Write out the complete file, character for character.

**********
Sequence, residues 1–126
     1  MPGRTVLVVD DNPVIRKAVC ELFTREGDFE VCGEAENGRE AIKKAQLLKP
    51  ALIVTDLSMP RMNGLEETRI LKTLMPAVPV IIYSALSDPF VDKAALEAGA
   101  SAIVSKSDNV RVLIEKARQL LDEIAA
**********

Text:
Sequence, residues 1–126
     1  MPGRTVLVVD DNPVIRKAVC ELFTREGDFE VCGEAENGRE AIKKAQLLKP
    51  ALIVTDLSMP RMNGLEETRI LKTLMPAVPV IIYSALSDPF VDKAALEAGA
   101  SAIVSKSDNV RVLIEKARQL LDEIAA